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Original posting by dioxen here: Double summation including power and factorial

I am finding some trouble in computing the following sum:

$$\sum_{k=0}^\infty \frac{x^k}{k!}\;\sum_{m=0}^k\frac {y^m}{m!}$$

Could you please provide a result?

Thanks in advance

After a failed attempt at getting to the binomial expansion, I tried to play around with it a little bit. I came up with two ideas of a solution, but can't see it through. Both involve applying the Cauchy product. \begin{equation} \Bigg(\sum_{n=0}^\infty a_n \Bigg) \Bigg(\sum_{n=0}^{\infty} b_n \Bigg) = \sum_{n=0}^{\infty} c_n \space \text{ where } c_n = \sum_{k=0}^n a_k b_{n-k} \space \space \space \space \space \space \space \space \space \space \space \space (1) \end{equation}

1: In this problem, we cound treat $$ c_n= \frac{x^n}{n!}\;\sum_{k=0}^n\frac {y^k}{k!}=\frac{1}{n!}\sum_{k=0}^n\frac {(xy)^{n-k}}{(n-k)!}x^{k}=\frac{1}{n!}\sum_{k=0}^n a_k b_{ n-k}$$

So if we're thinking within the framework of the first two summations in (1), our $a_n$ and $b_n$ are as follows: $a_n=x^n$ and $ b_n = \frac {(xy)^{n}}{n!}\\$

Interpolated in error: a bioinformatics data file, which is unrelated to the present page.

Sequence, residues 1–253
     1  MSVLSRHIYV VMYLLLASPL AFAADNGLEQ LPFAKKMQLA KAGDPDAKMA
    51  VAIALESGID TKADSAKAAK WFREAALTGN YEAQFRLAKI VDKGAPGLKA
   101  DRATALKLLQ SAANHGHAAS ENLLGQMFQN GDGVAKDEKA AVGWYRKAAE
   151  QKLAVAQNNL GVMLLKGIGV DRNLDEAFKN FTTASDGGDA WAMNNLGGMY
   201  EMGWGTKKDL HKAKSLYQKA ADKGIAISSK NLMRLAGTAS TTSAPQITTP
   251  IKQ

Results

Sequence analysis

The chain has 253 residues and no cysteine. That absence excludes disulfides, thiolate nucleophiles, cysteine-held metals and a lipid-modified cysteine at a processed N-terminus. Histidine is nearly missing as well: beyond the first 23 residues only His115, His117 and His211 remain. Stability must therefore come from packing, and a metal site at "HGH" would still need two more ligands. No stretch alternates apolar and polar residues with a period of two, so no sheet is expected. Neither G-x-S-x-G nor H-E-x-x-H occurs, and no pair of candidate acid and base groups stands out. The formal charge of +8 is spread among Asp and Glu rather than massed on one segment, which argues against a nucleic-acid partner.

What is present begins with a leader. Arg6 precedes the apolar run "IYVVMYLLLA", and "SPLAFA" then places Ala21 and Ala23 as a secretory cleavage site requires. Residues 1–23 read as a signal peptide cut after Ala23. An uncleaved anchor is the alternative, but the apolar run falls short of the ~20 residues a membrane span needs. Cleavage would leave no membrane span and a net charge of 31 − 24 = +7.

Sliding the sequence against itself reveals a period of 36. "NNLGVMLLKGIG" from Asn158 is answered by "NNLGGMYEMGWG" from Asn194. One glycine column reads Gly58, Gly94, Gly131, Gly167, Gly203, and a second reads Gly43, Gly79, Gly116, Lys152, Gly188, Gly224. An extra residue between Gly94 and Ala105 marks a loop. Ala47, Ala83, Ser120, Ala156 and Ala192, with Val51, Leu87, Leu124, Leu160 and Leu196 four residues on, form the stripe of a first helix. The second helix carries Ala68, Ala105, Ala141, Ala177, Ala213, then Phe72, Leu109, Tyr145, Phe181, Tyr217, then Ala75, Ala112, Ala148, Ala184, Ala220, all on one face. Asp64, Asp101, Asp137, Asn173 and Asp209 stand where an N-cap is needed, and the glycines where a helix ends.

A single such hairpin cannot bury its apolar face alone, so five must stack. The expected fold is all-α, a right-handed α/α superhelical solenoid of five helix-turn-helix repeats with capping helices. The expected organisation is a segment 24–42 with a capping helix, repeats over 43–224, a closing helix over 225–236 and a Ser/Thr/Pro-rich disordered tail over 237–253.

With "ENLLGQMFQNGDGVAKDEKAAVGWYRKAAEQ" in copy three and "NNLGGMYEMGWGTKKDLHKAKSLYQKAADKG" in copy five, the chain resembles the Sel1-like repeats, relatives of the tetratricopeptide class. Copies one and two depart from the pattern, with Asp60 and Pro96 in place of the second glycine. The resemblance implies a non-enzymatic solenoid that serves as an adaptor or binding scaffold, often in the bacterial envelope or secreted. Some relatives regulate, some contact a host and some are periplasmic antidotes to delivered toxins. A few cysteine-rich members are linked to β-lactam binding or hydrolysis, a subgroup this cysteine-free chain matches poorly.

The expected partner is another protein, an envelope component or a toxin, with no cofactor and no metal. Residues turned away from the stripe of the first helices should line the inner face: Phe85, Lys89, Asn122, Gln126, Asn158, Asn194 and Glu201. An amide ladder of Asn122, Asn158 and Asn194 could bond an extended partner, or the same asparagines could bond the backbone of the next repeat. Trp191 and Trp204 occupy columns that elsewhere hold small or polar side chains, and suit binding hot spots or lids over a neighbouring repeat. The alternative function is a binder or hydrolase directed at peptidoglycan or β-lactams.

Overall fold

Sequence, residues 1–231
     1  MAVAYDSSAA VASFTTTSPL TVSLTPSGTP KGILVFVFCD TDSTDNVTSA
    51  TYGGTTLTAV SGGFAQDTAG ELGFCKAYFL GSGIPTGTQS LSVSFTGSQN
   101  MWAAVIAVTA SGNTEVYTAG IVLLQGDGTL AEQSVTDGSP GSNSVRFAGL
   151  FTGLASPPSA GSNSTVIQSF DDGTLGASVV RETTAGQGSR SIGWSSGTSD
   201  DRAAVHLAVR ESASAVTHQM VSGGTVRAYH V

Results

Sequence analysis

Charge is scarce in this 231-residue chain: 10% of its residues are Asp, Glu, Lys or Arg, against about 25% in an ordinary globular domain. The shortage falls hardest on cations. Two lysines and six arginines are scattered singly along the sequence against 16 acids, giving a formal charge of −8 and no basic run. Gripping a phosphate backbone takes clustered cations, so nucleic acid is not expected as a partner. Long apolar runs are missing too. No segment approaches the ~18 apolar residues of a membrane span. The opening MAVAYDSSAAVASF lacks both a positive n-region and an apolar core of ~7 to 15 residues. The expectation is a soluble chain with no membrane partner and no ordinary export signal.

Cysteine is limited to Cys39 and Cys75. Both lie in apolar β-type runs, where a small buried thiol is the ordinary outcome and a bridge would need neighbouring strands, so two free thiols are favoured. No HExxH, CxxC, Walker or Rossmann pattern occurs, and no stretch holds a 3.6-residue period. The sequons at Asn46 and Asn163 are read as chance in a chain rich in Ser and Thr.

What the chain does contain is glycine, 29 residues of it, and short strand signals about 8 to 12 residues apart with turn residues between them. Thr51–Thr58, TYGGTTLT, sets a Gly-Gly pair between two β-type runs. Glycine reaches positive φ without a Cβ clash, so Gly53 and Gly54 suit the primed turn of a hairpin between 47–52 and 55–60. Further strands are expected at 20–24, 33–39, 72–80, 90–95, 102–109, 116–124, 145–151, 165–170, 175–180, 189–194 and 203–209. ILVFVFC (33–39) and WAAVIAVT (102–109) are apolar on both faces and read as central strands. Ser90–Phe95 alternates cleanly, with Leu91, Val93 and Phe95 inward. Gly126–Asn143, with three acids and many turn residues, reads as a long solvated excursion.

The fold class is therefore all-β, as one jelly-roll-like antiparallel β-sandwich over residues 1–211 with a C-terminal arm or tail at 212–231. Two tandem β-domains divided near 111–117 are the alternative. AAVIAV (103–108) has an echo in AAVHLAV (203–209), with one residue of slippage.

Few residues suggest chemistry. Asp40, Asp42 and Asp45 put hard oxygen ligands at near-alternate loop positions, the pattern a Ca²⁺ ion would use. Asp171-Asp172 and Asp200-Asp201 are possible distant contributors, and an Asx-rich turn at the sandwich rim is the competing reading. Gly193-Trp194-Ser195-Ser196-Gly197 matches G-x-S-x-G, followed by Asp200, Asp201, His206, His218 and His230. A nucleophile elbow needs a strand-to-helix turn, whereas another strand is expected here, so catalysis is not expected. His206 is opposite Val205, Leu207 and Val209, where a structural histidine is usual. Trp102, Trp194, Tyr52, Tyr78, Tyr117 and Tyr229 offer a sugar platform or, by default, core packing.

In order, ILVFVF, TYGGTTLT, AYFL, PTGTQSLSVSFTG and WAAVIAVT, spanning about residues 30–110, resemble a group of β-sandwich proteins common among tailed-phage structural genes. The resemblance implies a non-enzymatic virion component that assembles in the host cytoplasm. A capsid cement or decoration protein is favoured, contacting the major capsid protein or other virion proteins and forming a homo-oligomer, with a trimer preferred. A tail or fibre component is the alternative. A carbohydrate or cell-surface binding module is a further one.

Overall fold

our only problem is the we're left with the $\frac{1}{n!}$ in front of the summation. If we thought up some way to get rid of it, we'd have a nice geometric series and $e^{xy}$. But I can't think of a way...any leads here?

2: Alternatively, we could leave the $\frac{x^n}{n!}$ outside and treat it as a number (because it is, before we choose to sum it up over $n$). $$ c_n= \frac{x^n}{n!}\;\sum_{k=0}^n\frac {y^k}{k!} 1^{n-k}=\frac{x^n}{n!}\sum_{k=0}^n a_k b_{ n- k}$$ which gives us $a_n=\frac{y^n}{n!}$ and $b_n=1$. Could we do something about $\frac{x^n}{n!}$?

$$ \Bigg(\sum_{n=0}^\infty \frac{x^n}{n!} \Bigg) \Bigg(\sum_{n=0}^{\infty} \frac{x^n}{n!} \frac{y^n}{n!} \Bigg) $$ Does this even make sense? Because otherwise I can't think of a way this sum would be computable.

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I don't get it. Why don't you write $e^x$ instead of the power-series for it? – deufeufeu May 26 '13 at 9:48